I love it when the weather turns cool and you can start to wear sweaters. It’s my favorite time of year. When the leaves turn and fall, and the smell of rot clings to the air like hungry ghosts suffering from denial. I love Halloween when you can put on a costume and pretend to be who you really are.
This is the time of year when we give ourselves a little leeway to face what scares us. And we all know there’s plenty out there to fuel our nightmares. But scary books have always been a solace when times are frightening. It’s good to know these stories are stuck between the dust jackets.
If you’re looking for something spooky, or you want to give yourself a haunt, here is a small sampler:
Wild Seed by Octavia E. Butler
This sci-fi/horror novel contains shapeshifters, immortality, race, and gender. Butler excels at exploring the horror of being human.
The Ghost Bride by Yangsze Choo
For lovers of books with a strong sense of place, this ghost story is set in 19th century Malaysia. It’s also set in the afterworld.
The Haunting of Tram Car 015 by P. Djeli Clark
This slim novella feels more like steampunk than horror. But it’s got exorcisms, djinn, and a really fun detective story.
The Good House by Tananarive Due
For fans of Stephen King, this is a dark haunted house story with a sweeping family saga.
The Only Good Indians by Stephen Graham Jones
What happens to a bunch of guys who go out hunting and shoot down a herd of elk? Nothing at first. But years later, something is taking its revenge.
The Hunger by Alma Katsu
The Donner Party gets a supernatural twist. With its contemplation of witches and demons, this is a spooky historical reimagining.
The Drowning Girl by Caitlín R. Kiernan
The strange memories of a schizophrenic girl who doesn’t know whether what she sees is real or not. And what she sees are ghosts, mermaids, and werewolves. Lyrical and literary, the tone is more eerie than scary.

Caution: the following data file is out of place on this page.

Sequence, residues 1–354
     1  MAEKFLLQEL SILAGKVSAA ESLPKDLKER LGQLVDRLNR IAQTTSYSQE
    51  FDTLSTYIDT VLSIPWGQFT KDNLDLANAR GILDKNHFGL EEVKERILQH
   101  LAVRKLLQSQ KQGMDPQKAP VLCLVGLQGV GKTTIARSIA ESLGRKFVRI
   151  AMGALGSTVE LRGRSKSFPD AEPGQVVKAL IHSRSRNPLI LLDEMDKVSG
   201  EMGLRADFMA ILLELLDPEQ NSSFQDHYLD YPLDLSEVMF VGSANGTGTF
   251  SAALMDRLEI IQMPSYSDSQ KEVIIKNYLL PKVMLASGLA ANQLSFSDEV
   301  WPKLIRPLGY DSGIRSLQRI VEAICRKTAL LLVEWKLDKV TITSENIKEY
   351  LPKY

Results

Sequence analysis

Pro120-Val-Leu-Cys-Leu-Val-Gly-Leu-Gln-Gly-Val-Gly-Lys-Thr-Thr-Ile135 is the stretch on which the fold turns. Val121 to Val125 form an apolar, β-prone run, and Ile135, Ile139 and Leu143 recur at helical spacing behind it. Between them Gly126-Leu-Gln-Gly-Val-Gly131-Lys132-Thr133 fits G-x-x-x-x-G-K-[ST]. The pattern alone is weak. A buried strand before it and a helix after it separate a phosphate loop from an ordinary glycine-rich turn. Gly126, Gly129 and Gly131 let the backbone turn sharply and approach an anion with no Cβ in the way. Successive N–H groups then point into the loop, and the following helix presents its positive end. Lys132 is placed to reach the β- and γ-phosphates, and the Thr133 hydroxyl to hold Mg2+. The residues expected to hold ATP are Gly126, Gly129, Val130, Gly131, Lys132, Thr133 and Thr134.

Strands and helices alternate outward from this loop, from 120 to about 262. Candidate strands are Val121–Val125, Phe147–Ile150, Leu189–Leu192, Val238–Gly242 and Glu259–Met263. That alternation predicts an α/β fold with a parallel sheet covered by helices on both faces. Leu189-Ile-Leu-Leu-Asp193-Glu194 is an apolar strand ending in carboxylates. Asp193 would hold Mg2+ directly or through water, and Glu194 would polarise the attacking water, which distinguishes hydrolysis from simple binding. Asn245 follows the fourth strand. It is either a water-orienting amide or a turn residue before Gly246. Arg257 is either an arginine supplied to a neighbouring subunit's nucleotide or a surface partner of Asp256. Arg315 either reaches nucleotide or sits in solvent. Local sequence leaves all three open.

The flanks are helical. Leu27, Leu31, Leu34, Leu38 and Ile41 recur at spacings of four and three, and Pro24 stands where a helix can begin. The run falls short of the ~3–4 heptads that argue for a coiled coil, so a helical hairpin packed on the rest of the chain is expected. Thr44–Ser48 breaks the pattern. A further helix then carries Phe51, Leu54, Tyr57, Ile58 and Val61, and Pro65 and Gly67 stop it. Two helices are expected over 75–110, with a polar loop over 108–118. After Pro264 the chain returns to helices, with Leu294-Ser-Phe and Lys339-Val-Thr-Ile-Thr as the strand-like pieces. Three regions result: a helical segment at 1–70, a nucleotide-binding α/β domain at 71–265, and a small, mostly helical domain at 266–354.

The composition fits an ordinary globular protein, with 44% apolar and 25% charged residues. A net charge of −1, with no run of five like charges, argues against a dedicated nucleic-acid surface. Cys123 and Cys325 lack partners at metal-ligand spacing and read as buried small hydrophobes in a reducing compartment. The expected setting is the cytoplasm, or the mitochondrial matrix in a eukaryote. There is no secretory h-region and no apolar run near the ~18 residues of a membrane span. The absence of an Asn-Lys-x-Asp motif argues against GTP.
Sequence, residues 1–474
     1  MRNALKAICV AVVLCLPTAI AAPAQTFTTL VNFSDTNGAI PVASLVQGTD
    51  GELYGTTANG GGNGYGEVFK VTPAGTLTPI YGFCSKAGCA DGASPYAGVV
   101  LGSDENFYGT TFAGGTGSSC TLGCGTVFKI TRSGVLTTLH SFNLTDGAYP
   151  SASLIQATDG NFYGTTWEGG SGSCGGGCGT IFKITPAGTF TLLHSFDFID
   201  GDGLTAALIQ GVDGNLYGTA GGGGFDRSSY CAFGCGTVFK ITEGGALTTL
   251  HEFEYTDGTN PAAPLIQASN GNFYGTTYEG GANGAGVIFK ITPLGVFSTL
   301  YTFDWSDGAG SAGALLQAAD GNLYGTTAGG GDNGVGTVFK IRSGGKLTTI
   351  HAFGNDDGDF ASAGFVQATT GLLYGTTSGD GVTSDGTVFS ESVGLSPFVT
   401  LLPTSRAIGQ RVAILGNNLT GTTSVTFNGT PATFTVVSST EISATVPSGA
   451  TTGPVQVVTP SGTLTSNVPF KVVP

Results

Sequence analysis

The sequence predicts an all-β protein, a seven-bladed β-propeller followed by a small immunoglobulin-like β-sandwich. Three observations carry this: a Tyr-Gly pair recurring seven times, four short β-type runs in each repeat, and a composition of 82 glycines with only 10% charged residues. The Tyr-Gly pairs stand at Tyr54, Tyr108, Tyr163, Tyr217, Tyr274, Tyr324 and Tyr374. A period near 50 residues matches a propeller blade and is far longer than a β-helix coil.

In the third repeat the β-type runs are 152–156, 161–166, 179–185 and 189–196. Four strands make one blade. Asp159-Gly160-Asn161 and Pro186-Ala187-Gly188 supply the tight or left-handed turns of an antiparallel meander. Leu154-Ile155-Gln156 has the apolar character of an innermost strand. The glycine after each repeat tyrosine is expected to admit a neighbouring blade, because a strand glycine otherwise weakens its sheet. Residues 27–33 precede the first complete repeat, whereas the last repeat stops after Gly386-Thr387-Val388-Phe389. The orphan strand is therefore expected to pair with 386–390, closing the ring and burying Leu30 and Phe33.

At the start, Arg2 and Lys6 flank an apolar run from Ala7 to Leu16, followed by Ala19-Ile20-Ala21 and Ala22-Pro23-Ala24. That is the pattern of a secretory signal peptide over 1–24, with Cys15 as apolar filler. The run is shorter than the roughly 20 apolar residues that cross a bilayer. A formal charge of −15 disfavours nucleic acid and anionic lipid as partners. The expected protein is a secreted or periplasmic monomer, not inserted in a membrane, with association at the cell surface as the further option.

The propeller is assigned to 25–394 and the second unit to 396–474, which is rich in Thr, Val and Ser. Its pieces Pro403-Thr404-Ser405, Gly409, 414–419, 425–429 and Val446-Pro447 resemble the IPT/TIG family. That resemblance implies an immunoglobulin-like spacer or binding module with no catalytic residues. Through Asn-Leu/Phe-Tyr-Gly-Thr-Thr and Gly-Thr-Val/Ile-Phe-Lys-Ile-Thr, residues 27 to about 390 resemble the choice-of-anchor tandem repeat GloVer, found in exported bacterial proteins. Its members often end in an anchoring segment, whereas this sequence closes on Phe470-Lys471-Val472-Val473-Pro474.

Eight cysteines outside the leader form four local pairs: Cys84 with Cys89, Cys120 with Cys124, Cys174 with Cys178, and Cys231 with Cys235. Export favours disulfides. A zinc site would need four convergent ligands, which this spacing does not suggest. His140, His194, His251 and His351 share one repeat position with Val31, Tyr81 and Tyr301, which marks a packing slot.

The Graveyard Apartment by Mariko Koike (Translated by Deborah Boliver Boehm)
There’s a graveyard. And there is an apartment building. Put the two together and you get a creepy modern take on the haunted house.
The Ballad of Black Tom by Victor LaValle
A retelling of H.P. Lovecraft’s “The Horror at Red Hook”? Yes, please! For fans of Lovecraft Country who want to continue exploring racism in horror.
Certain Dark Things by Silvia Moreno-Garcia
Vampires in Mexico City are descendants of Aztec blood drinkers while also being a metaphor for modern gang warfare.
The Hole by Hye-young Pyun
An unnerving novel of isolation, the main character is paralyzed and disfigured after a car accident. If claustrophobia is your fear, then this is your exposure therapy.
Frankenstein in Baghdad by Ahmed Saadawi (Translated by Jonathan Wright)
Hadi just wants to collect strewn body parts in war-town Baghdad and stitch them together so that the government will permit a proper burial. But the corpse goes missing and strange murders result. A new take on the classic trope of monstrosity.
Affinity by Sarah Waters
Brooding, moody, and gothic. If you enjoy taking long, creepy strolls through penitentiaries talking to ghosts, this book will be sure to haunt your dreams.
— Brian W., Assistant Branch Manager, Quakertown Branch